Venerables Shio Mgvime, David of Gareji, Anthony of Martq'ophi, Thaddeus of Urbnisi or Stepantsminda, Stephen of Khirsa, Isidore of Samtavisi, Michael of Ulumbo, Pyrrhus of Breta, Zenon of Iqalto, Jesse (Ise) of Tsilkani, Joseph of Alaverdi, and Abibus of Nekressi (6th c.)

Monk John Zedazeni and his Twelve Disciples: Habib, Bishop of Nekress, Anthony of Martkob, David of Garej, Xeno of Ikalto, Thaddeus of Stepantsmind, Ise Bishop of Tsilkan, Joseph Bishop of Alaverdi, Isidor of Samtavi, Michael of Ulumbi, Pyrrhos of Breti, Stephen of Khyri, Shio of Mgvim – were holy Syrian (Cappadocian) ascetics, the founders of Gruzian-Georgian monasticism, having arrived in Gruzia from Cappadocia in the mid-VI Century. The holy Thirteen Cappadocian Fathers were actually Gruzinians, who received their spiritual schooling at the reknown Laura of Saint Simeon the Pillar-Dweller and at other monasteries of Syria and Mesopotamia, with the intent to return to their native land and assist in its Christian enlightenment.

Saint John Zedazeni, the head of these ascetics, received his spiritual schooling at Antioch. Accounts have not been preserved about the place of his birth nor about his kin. In his youthful years he accepted monasticism and devoted himself to a solitary ascetic life, gaining afterwards an amazing geniality, humility and gift of wonderworking. The fame of his spiritual exploits attracted to him a throng of disciples, from which number Saint John Zedazeni chose by lot 12 men, and in fulfilling the command of the Mother of God, he set off with them to Gruzia. Along the way they received blessing from Saint Simeon the Younger Pillar-Dweller (+ 596), and at Mtsketia, the ancient capital of Gruzia, traversing "with undampened feet" the River Kura, they were joyfully met by the people, by the emperor Parsman (542-557), and by the Archbishop-Katholikos Eulabios (552-560). The chronicles relate, that the holy Cappadocian Fathers spoke in the Gruzian language to those meeting them, and going into the Svetitskhoveli cathedral church and prostrating themselves beneathe the Life-Creating Pillar (the hagiographic account about it is located under 1 October), they glorified and gave thanks to God. With the blessing of Katholikos Eulabios, Saint John together with his disciples settled on Mount Zedazeni (from which Saint John gets his name – Zedazeni), where formerly there had been a pagan-temple and an idol erected. The ascetics lived in lean-to huts, they ate grasses and roots, and they were constantly at prayer and spiritual meditation. A multitude of the sick flocked to them, receiving healing through their prayerful intercession. After the choosing of Saints Habib and Ise as bishops, the Mother of God appeared to Saint John in a dream and commanded him to send out his disciples into various parts of Gruzia, for the preaching of the Word of God and for pastoral edification. Hearkening to the instructions of Saint John, certain of the disciples set off to Kakhetia (Xeno, and later Stephen), others to Kartalin (Pyrrhos, Michael, Thaddeus and Isidor). The accounts about the other saints – Habib, Anthony, David, Ise, Joseph, Shio – are located respectively under: 29 November, 19 January, 2 December, 15 September, 9 May.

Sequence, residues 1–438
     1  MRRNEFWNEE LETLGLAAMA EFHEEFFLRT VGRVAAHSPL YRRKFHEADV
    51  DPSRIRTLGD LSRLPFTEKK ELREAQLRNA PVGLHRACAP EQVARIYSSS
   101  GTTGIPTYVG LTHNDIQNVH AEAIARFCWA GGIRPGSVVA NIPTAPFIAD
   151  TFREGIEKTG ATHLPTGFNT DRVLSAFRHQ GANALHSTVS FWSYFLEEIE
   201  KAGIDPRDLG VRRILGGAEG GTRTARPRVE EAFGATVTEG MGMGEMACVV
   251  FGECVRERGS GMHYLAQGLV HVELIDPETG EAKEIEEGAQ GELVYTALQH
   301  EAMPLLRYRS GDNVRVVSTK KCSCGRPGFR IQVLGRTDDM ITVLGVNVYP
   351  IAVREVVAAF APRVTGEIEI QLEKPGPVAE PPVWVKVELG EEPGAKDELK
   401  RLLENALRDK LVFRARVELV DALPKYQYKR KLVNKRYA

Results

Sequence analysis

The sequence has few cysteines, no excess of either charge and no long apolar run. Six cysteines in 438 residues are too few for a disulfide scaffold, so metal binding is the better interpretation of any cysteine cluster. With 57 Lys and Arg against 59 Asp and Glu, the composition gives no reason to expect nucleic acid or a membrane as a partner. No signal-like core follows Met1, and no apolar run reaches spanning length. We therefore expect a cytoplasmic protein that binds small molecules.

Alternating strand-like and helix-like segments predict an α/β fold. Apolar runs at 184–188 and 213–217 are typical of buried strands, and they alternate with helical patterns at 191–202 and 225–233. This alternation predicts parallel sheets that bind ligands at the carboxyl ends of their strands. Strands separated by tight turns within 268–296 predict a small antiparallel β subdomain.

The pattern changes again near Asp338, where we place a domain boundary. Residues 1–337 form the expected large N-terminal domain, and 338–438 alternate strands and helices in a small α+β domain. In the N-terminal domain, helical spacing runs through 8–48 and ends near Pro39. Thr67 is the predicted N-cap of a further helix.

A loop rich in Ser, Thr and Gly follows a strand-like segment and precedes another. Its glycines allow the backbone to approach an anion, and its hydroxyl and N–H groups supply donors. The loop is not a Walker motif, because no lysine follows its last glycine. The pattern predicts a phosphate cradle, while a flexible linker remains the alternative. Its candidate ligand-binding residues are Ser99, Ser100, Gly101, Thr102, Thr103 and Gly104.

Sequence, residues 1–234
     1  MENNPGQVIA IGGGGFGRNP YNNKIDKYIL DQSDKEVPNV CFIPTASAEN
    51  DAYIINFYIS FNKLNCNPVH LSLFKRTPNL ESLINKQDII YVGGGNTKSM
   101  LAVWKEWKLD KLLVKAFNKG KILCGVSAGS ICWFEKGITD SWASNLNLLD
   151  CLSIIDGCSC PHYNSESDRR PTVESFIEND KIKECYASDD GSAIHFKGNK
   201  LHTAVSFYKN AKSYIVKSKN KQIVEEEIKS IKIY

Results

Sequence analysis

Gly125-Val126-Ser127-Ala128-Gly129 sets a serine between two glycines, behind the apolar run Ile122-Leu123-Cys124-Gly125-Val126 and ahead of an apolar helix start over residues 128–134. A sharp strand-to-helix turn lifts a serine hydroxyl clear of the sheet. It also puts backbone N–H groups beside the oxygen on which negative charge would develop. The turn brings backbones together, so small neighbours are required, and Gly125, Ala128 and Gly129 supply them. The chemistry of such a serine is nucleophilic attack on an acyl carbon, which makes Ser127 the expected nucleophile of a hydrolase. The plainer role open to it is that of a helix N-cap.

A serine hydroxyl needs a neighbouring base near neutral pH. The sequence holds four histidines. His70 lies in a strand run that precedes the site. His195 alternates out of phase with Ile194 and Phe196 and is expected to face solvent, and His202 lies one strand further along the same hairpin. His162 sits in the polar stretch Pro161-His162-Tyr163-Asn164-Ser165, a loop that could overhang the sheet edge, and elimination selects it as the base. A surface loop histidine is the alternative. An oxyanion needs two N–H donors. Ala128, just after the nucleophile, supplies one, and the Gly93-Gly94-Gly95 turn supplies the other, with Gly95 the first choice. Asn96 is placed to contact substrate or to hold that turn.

"They all... taught the nation, they instructed it in the faith, they abolished the darkness of superstition and they did away with what remained in the mountain gorges of pagan temples and idol-worship, in place of which they erected the holy cross and holy churches, and they established within the nation a civil sense..."